Tell-tale signs of Spalling Concrete

Unless one is a structural engineer, or have seen the signs before, chances are signs of spalling are not recognized and completely disregarded, even when it’s time to organise concrete cancer repair work. Here are a few key signs indicating the need for structural repair.

  • Flaking and cracking concrete (concrete spalling)
  • Chunks of concrete actually separating and completely dislodging
  • Rust stains which seem to leak out from within the concrete
  • Bubbling of concrete render or
  • Leaks which appear in the roof or internal walls

As often as not, observers mistake these signs as general weathering and dilapidation, caused by the elements; but whilst this is true to some extent and may play a part in exacerbating the problem, the real problem lies within the steel reinforcing within concrete itself.

Risks of Spalled Concrete

Whilst all will agree that spalled concrete is an eye-sore, what many people fail to realise is that as time goes on, concrete cancer also represents a potential danger of injury and in some case even death as well as being an OH&S hazard and this can lead to serious and costly litigation/damages issues. Over time, and with increased exposure to the elements, untreated pieces of concrete may fall from the structure. If these fall from heights in high traffic areas, then passers-by will be at risk of injury, and other buildings in proximity, at risk of damage as well.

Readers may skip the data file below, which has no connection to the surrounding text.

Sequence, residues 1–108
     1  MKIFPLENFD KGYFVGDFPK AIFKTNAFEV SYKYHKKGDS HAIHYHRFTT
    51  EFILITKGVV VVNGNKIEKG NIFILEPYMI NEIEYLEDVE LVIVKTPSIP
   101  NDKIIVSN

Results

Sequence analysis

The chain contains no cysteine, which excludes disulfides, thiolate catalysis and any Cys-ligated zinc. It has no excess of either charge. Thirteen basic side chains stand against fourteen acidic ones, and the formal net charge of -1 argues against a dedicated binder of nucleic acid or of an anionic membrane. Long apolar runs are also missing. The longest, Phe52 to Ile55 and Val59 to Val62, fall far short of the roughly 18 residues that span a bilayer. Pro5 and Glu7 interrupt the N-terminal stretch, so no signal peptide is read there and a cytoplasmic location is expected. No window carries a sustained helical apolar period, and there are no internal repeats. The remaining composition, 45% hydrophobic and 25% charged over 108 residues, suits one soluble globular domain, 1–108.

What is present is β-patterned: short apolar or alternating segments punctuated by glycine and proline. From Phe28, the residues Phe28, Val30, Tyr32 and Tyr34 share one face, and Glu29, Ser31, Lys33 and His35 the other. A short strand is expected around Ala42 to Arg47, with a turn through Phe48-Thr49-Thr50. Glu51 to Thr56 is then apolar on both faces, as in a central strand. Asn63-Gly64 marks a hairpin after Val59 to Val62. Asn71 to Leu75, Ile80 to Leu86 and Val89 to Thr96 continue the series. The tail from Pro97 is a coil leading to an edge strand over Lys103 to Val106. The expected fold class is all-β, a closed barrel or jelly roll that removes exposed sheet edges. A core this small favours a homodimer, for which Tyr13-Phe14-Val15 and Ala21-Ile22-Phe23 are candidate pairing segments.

Spalling and delaminated concrete should be repaired immediately, as deferring the decision to treat it will inevitably lead to increased problems into the future.

How Concrete Cancer Begins

The process can start in many ways, but generally it is due to one of the following:

  • Poorly treated reinforcing steel being used when the concrete is poured
  • The ends of the reinforcing being too close to the surface. As water seeps through the concrete it picks up limestone and other corrosive chemicals.
  • When it comes into contact with the steel it causes oxidation to occur in the form of rust
  • Incompatible metals being used in close proximity to each other, thus causing a reaction which allows water into the slab
  • Stress fractures from bearing weight or general wear and tear allow water to penetrate the concrete and react with the steel